As exciting as the toboggan rides looked, we passed as age limits precluded Ava’s participation.

After again meeting up w/ our group we wandered to the gondola for a beautiful lift down the hillside, which used to sport a rack railway connecting Monte and Funchal.

At the bottom we were whisked off to a final stop for Madeira (appropriate, no?) tasting in a charming little tasting room with wooden barrels for tables, stools for perching whilst drinking.

We tried two types – a medium dry and edium sweet, leaving with a small bottle of the medium dry. Should be tasty over ice cream…

Back at ship!

For dinner we opted to eat at Papa’s – good Italian food in a casual setting. Thing big wooden tables, great ocean views. My pork saltimbocca – their specialty –was excellent. We scooted early so we could hit the evening show, this time a showdown with the audience determining the winner. Great fun! Afterward we returned to our Italian restaurant for dessert.

December 30

At sea! Somehow the time flies when there isn’t a major agenda. Now how is that? Games, books, workout room, hanging by the pool…

At some point we rotated from one end of the ship to the other to continue enjoying the sunshine and a Beer Fest. On tap: German beer and food, along with live music.

We also stopped in to hear Cruise Director Gary’s presentation about his career in show biz. A Scotsman, he is a classicly trained pianist who, through haphazard meetings with stars in Paris, ended up working in Vegas, then the Lido in Paris, which then led to acts on various cruises. And at sea he was asked to fill in for a fired cruise director (the guy was found sauced under the piano) and since then has worked in the cruise business, on and off the sea, for several years.

In his spare time he’s dedicated to animal rescue and has a place in Italy set up to care for stray dogs, cats, a few donkeys, some ducks, etc. We all enjoyed his talk and of course bought his book, Stars, Staterooms & Stowaways, a collection of anecdotes about his life and career.

For dinner we ate at Le Bistro, a fancy French restaurant. I particularly liked this one, with its perfect mushroom soup. As Claire says, the restaurant has a lovely atmosphere and we all left very satisfied.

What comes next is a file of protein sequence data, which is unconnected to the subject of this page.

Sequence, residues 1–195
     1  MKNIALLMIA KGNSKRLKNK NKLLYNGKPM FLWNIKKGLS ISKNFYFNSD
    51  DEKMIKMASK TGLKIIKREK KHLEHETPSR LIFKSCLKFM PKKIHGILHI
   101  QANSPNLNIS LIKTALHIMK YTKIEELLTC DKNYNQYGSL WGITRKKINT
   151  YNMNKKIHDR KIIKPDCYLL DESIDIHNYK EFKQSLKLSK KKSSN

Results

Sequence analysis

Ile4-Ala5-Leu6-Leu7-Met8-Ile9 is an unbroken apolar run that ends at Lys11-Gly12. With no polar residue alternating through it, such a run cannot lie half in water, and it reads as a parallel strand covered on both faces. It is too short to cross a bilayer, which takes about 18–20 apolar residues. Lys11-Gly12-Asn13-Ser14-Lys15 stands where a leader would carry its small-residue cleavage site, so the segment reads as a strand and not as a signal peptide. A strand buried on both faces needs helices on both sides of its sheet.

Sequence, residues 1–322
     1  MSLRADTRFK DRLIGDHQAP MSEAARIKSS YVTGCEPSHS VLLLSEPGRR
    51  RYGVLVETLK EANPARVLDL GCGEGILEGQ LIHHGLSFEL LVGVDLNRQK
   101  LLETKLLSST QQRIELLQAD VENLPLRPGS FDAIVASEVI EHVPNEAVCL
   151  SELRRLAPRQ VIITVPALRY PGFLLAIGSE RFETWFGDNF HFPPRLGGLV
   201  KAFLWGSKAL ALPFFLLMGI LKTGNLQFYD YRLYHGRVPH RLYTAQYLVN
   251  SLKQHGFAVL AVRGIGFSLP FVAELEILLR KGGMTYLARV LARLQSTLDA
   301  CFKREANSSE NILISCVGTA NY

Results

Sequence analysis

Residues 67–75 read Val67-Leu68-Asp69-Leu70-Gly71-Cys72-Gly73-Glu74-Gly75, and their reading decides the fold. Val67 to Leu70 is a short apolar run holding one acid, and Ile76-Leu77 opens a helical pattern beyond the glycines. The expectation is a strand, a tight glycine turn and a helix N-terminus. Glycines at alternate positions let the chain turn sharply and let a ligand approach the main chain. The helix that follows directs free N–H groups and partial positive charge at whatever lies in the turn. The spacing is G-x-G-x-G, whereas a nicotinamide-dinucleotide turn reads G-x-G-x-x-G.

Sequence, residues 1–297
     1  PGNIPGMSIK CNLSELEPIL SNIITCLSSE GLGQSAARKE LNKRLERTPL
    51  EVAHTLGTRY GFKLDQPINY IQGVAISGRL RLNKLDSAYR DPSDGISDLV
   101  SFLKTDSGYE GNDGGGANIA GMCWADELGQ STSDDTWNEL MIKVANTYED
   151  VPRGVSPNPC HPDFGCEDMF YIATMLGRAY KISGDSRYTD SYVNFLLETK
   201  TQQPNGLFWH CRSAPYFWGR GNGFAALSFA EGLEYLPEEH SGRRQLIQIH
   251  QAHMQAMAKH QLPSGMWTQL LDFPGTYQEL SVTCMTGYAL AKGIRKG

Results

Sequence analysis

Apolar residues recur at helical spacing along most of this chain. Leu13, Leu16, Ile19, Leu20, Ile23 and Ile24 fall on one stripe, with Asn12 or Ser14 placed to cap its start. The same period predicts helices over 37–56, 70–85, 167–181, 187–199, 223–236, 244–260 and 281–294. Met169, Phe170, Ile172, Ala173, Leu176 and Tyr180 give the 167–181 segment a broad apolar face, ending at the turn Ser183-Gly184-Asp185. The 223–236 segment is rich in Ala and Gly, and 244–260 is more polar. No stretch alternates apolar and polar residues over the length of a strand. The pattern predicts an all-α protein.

Our entertainment for the evening was “Broadway in the Atrium,” a set of “star-studded songs from musical theatre’s rich history and from today’s stages.” One of our favorite gathering spots on the ship, it was a lovely way to end the day, listening to beautiful voices belt out familiar tunes.

31 December
New Year’s Eve!

And how did you spend the last day of 2010? We zipped down for breakfast, fought for (and found!) a table (so far this week we’ve been with the majority on the timing of our hunger pangs, thus tracking down a place to sit takes a little longer).

Then we were off to check out a bit of Malaga, starting with a bus ride through the city and along the coast and on to the magnificent Nerja Caves – Cuevas de Nerja – a series of huge caverns stretching for almost five kilometres and home to the world’s largest stalagmite, a 32 metre high column measuring 13 metres by 7 metres at its base.

There are three Galleries – Show Gallery, Upper Gallery and New Gallery – with each gallery containing a number of Halls.

The Upper Gallery and New Gallery contain many of the prehistoric cave paintings, but tourist access to these areas is limited to special groups (and while we’re special people, we weren’t part of this group tour).

Finding the cave…

On January 12th 1959, five local lads from the village of Maro decided to go hunting for bats and headed for a pothole known locally as ‘La Mina’ where they saw a number of bats exiting through the hole in the rocks.

The boys returned the next day with tools to dislodge a couple of stalagtites in the entrance. Once inside, they found themselves able to descend to a huge cavern where they discovered a number of skeletons next to some ceramic pottery.
Excited by their find, they went back to tell their family, friends and teachers but it wasn’t until the cave was visited by a medical expert and a photographer that the true extent of their discovery became apparent.
The first photographs of the caves were published in the Málaga newspaper ‘Sur’ about 100 days after their discovery and after first being called ‘Cueva de las Maravillas’, they then became ‘Cueva de Nerja’.
The Nerja Caves were officially inaugurated on June 12th 1960 and opened to the public.

Definitely worth experiencing, we were taken aback by the size and beauty of the stalagtites and stalagmites. (We saw the largest stalagmites columns in the world, 161 feet high and 59 feet in diameter!) As big as church pillars and with similarities to Gothic architecture. And in fact, the brochures about the caves noted their “capricious rocky formations can be compared to Modernist cathedrals, and their eight rooms include the Room of the Cataclysm, as well as the Room of the Cascade.”